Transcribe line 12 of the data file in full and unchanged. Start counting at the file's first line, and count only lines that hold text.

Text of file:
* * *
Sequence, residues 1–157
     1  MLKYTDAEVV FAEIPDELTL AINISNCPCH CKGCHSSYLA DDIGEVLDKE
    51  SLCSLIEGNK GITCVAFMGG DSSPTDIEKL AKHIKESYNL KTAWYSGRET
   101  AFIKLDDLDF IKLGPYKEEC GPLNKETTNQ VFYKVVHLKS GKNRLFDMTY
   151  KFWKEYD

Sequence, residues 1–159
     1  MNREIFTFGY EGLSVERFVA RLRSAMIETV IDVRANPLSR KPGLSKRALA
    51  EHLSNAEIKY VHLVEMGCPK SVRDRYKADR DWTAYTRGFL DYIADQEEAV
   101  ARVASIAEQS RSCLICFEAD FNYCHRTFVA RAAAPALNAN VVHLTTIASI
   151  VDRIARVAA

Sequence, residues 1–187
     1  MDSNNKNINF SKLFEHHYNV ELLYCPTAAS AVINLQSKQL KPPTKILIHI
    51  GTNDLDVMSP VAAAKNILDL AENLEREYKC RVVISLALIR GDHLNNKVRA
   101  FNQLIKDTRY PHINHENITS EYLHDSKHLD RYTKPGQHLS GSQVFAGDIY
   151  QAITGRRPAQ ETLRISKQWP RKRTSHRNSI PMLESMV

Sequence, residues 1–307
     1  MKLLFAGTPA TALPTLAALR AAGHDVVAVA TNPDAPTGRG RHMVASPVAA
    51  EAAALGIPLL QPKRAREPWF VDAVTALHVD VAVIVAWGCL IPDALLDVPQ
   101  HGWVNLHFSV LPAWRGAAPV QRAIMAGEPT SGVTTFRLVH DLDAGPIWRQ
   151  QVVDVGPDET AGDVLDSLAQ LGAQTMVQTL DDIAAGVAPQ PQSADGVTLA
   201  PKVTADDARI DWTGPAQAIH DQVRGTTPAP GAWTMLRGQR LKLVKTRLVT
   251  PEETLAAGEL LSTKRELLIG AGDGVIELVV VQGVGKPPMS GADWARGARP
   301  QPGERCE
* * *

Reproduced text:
     1  MDSNNKNINF SKLFEHHYNV ELLYCPTAAS AVINLQSKQL KPPTKILIHI